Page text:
generator_expression = ((k, v) for k, v in zip(keys, values))dict(generator_expression)

or equivalently:

dict((k, v) for k, v in zip(keys, values))

And this is a list comprehension being passed to the dict constructor:

dict([(k, v) for k, v in zip(keys, values)])

In the first two cases, an extra layer of non-operative (thus unnecessary) computation is placed over the zip iterable, and in the case of the list comprehension, an extra list is unnecessarily created. I would expect all of them to be less performant, and certainly not more-so.

Performance review:

In 64 bit Python 3.8.2 provided by Nix, on Ubuntu 16.04, ordered from fastest to slowest:

>>> min(timeit.repeat(lambda: dict(zip(keys, values))))0.6695233230129816>>> min(timeit.repeat(lambda: {k: v for k, v in zip(keys, values)}))0.6941362579818815>>> min(timeit.repeat(lambda: {keys[i]: values[i] for i in range(len(keys))}))0.8782548159942962>>> >>> min(timeit.repeat(lambda: dict([(k, v) for k, v in zip(keys, values)])))1.077607496001292>>> min(timeit.repeat(lambda: dict((k, v) for k, v in zip(keys, values))))1.1840861019445583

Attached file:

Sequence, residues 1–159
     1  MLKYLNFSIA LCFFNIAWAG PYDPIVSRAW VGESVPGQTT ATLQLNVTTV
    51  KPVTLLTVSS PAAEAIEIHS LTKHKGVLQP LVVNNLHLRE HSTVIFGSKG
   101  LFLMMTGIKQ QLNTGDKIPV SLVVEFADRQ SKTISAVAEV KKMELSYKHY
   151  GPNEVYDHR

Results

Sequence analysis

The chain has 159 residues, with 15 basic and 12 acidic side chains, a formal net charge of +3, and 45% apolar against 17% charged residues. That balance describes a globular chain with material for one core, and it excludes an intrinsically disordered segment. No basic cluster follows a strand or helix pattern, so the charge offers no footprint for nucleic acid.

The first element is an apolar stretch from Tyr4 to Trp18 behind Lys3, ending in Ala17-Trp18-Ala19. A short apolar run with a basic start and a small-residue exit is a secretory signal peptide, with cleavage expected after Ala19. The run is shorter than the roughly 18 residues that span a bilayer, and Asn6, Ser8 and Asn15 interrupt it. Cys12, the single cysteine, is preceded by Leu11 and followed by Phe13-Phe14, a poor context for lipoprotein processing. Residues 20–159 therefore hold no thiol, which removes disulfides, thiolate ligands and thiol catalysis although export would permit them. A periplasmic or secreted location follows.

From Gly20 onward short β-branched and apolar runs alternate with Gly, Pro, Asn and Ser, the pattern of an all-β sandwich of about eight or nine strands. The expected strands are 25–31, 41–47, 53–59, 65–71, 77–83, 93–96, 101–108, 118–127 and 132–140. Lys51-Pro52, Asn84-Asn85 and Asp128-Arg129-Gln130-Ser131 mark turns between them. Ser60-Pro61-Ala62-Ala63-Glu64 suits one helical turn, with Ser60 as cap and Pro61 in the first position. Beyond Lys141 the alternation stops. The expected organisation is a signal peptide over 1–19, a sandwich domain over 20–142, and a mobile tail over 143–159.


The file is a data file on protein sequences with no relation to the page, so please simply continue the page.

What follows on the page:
dict(zip(keys, values)) wins even with small sets of keys and values, but for larger sets, the differences in performance will become greater.

A commenter said:

min seems like a bad way to compare performance. Surely mean and/or max would be much more useful indicators for real usage.

We use min because these algorithms are deterministic. We want to know the performance of the algorithms under the best conditions possible.